SALT LAKE COUNTY, Utah, Oct. 14, 2020 (Gephardt Daily) — Salt Lake County Mayor Jenny Wilson addressed the impact of the current COVID-19 case surge on Utah’s healthcare system, the increasing risk for senior citizens and how Utahns can support this at-risk group in a press conference Wednesday.
The press conference was held at the Sunday Anderson Westside Senior Center in Salt Lake City.
On Tuesday, Gov. Gary Herbert introduced a new Transmission Index, which replaces the color-coded system previously in place and which calculates the level of COVID-19 transmission in each county by analyzing three data points; percent positivity of tests, cases per 100,000, and hospital capacity.
Wilson and other community leaders spoke specifically about steps the community can take to support older adults as cases rise. At present, 259 people are hospitalized in Utah with COVID-19; a record number.
“When the hospitals start calling me, I take note,” Wilson told assembled reporters. “Right now I fear our hospitals are facing a pretty serious crisis. The increase of cases that we saw in early September among young people has now created more spread in our community, a more general risk, and hospitals are reaching what healthcare directors call surge capacity. Nearly two-thirds of our ICU beds are full, and our emergency rooms are packed. Our healthcare leaders are telling us what we already know and have seen on television; that their staff are tapped out, that they’re suffering, that they’re stressed and they’re tired, and this is all happening as we lead into flu season.”
This impacts everyone in need of urgent healthcare, Wilson said. She broke down in tears as she described how her mother-in-law recently passed away, not from COVID-19; Wilson’s husband had the opportunity to say goodbye to her but their children did not.
“I continue to be dumbfounded by messaging from our President and others who believe him that this is not a community crisis,” she added. She said she recently had the opportunity to check in with Rep. Ben McAdams, who had COVID-19 in March, and hear about his journey.
“I’ve had friends who are doing better but still worry about their general health long term,” she said. “It’s false, it’s dangerous and it’s misguided for the President to continue those conversations, especially at a time in this state when we see cases on the uptick.”
She said hospitals both large and small are being affected.
“This is a real crisis, our need around this is more urgent right now and I want to emphasize that we have a stricter guide from the state now and what it really tells us is that groups, and group gatherings, of any form, should not continue,” Wilson said. “That means not inviting family over to the house on Sunday. It means fewer people over to dinner, and socially distancing in those settings. We have to make personal choices, not just be regulated by what used to be a color code and now is an advisory system. We need to each make wise choices and it’s all the more important with flu season.”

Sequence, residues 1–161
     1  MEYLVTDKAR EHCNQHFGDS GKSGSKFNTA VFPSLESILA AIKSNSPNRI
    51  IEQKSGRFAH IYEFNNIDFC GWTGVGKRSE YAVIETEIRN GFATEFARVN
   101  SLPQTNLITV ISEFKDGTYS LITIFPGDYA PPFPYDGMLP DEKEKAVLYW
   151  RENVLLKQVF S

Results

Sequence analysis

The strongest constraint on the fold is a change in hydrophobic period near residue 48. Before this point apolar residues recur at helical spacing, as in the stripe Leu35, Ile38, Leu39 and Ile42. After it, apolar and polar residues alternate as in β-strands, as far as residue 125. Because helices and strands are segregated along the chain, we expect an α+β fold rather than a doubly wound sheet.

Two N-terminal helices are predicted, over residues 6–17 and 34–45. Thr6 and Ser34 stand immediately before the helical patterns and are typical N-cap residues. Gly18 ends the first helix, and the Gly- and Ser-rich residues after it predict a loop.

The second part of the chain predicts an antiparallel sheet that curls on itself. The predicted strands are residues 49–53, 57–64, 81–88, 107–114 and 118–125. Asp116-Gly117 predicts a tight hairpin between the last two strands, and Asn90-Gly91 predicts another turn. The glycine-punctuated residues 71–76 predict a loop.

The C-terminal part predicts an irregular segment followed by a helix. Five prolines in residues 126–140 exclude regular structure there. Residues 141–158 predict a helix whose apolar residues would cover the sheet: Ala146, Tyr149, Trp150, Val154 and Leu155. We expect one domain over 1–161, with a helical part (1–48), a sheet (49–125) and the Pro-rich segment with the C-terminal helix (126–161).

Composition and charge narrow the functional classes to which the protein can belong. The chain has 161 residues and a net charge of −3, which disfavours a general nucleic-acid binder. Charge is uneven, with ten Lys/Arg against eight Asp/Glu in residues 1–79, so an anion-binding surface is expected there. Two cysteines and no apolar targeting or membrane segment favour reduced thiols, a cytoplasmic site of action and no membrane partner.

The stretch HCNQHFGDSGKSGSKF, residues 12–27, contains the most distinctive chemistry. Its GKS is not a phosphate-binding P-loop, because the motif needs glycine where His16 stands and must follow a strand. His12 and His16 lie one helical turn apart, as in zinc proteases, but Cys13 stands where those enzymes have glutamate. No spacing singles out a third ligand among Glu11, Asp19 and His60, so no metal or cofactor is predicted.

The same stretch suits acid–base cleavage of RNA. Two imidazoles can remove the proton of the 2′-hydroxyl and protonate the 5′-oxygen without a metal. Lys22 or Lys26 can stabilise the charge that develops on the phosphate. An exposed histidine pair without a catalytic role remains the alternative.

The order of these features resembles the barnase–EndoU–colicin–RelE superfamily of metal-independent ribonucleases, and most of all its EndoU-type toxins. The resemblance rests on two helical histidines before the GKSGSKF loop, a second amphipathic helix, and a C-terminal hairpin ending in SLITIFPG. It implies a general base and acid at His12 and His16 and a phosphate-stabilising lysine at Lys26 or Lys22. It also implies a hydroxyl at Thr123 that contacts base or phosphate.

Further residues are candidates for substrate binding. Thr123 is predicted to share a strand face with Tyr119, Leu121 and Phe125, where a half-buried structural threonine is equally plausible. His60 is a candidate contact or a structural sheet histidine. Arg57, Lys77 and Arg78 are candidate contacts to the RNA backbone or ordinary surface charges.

Wilson said that since the first week of September, there have been 220 hospitalizations of people in 60s, 70s and 80s, with 42 deaths in that age group in Salt Lake County. Those in their 40s, 50s and 60s are also at increased risk of hospitalization. Of those in their 40s with COVID, 5% have needed hospitalization. Of those in their 50s, that goes up to 18% who have needed hospitalization. Of those in their 60s, 31% have needed hospitalization.
“If we wear face coverings and social distance we can drive these numbers down as a community,” Wilson said. “We’ve got to do more to keep our seniors safe, and that begins with us.”
Salt Lake County Health Department Director Gary Edwards then spoke, emphasizing the importance of mask wearing even in the home if a family member is sick, or among friends in groups of any size, both indoor and out.
“The message remains I think very simple,” Edwards said. “If you don’t live with someone and you’re around them, you need to be wearing a face covering. If we step up our game a little bit in that area, we will see benefits of those practices.”
Salt Lake County Aging and Adult Services Director Paul Leggett also spoke about steps the community can take to support older adults.
Leggett said it is important to check in with older family and friends at this time and see what their needs are, or visit them if the visit is outside and masks are worn.
“Further, we can help the elderly adults in our lives use technology and stay socially connected during this difficult time,” he said. “With this in mind Salt Lake County Aging and Adult Services has opened a virtual senior center. This provides activities, social engagement and support to older adults while our physical locations remain closed.” The activities can be done at home, via telephone or online. Leggett said the county offers around 90 classes per month to seniors.
He said Meals on Wheels services continue and most senior centers are also serving cold meals to those in need. Employees are making check-in phone calls to seniors and the county has a tablet lending library to provide seniors with technology.
For more information on services offered to seniors call the Utah high-risk hotline at 1-877-424-4840. The hotline has been put into place to help people get meals, groceries, and medications dropped off at the houses of high-risk individuals. The hotline runs Monday through Friday from 8 a.m. to 5 p.m. Representatives from the Department of Human Resources will be answering these calls.